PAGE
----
Located in the gorgeous Sicilian island of Pantelleria, the so-called “Mirror of Venus” is a pseudo-volcanic lake inside an ancient caldera some 500 meters in diameter, gurgling with the carbon dioxide from the thermal springs that feed it with water as hot as 50-60 °C.
Writer Cesare Brandi described it so:
“It’s a small lake, similar to Albano [near Rome – editor’s note], but much smaller, like a large fountain. Green encloses it all around, and its reflection makes water appear darker, as if molten: the Great Mount is almost supine, reclined, taking a footbath.”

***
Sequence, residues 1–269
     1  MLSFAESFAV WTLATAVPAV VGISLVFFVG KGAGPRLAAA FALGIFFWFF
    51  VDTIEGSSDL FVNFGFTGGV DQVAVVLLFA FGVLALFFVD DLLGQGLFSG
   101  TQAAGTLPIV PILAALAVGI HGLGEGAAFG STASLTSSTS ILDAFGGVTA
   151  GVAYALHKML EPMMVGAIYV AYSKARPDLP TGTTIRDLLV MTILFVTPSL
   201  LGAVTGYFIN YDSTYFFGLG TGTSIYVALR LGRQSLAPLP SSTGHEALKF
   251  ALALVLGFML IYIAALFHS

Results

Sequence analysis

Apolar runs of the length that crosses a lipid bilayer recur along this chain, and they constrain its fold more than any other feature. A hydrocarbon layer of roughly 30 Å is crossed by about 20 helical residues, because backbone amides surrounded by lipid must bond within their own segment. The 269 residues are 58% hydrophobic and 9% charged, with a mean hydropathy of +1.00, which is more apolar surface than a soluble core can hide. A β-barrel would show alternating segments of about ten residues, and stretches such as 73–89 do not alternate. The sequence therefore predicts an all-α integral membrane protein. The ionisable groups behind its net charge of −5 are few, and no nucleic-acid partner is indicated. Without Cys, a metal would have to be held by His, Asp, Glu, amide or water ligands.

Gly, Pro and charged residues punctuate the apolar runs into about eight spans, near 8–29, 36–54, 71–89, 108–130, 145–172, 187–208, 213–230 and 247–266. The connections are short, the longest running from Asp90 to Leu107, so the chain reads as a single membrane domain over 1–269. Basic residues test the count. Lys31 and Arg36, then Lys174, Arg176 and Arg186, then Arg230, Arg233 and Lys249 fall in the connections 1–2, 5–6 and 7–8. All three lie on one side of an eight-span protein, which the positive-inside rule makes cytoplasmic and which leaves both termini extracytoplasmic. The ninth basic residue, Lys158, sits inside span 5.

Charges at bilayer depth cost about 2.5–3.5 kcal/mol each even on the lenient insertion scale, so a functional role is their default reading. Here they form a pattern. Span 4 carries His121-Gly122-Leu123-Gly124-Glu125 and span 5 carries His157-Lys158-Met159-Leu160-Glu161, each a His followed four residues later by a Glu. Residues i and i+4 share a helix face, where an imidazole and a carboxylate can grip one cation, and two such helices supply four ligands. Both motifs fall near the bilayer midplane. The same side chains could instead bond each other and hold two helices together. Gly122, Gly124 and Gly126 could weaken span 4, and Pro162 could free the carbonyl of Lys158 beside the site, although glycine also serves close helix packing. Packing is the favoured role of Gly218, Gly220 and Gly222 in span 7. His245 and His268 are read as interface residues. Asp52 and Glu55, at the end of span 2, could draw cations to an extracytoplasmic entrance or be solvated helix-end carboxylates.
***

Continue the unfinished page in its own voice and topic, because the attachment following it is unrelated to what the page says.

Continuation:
“All around the springs of hot lye-like water, with the small rust dribble that is all that’s left of the volcano’s anger. There should be the remains of a Carthaginian sanctuary here – one of those horrible ones, full of children’s bones – but nobody could show me where.”
“You can never forget the lake’s bucolic look, the sense of a long faraway sunset, of calm and settled life, oblivious, after the elements have ended their war” (translated from “Terre d’Italia”, Bompiani, Milan 2006).